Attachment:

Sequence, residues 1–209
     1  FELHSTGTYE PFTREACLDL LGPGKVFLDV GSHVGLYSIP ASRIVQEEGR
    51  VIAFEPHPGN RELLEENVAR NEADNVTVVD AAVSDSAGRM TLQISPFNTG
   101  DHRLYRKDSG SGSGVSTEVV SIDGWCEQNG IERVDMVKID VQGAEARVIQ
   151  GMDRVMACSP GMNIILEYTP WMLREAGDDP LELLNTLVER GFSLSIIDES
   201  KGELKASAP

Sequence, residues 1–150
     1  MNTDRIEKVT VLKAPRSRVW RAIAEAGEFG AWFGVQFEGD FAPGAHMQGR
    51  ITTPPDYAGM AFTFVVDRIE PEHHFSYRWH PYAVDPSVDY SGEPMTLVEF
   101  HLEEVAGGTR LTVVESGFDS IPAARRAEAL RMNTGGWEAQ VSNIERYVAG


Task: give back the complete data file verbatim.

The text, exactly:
Sequence, residues 1–209
     1  FELHSTGTYE PFTREACLDL LGPGKVFLDV GSHVGLYSIP ASRIVQEEGR
    51  VIAFEPHPGN RELLEENVAR NEADNVTVVD AAVSDSAGRM TLQISPFNTG
   101  DHRLYRKDSG SGSGVSTEVV SIDGWCEQNG IERVDMVKID VQGAEARVIQ
   151  GMDRVMACSP GMNIILEYTP WMLREAGDDP LELLNTLVER GFSLSIIDES
   201  KGELKASAP

Sequence, residues 1–150
     1  MNTDRIEKVT VLKAPRSRVW RAIAEAGEFG AWFGVQFEGD FAPGAHMQGR
    51  ITTPPDYAGM AFTFVVDRIE PEHHFSYRWH PYAVDPSVDY SGEPMTLVEF
   101  HLEEVAGGTR LTVVESGFDS IPAARRAEAL RMNTGGWEAQ VSNIERYVAG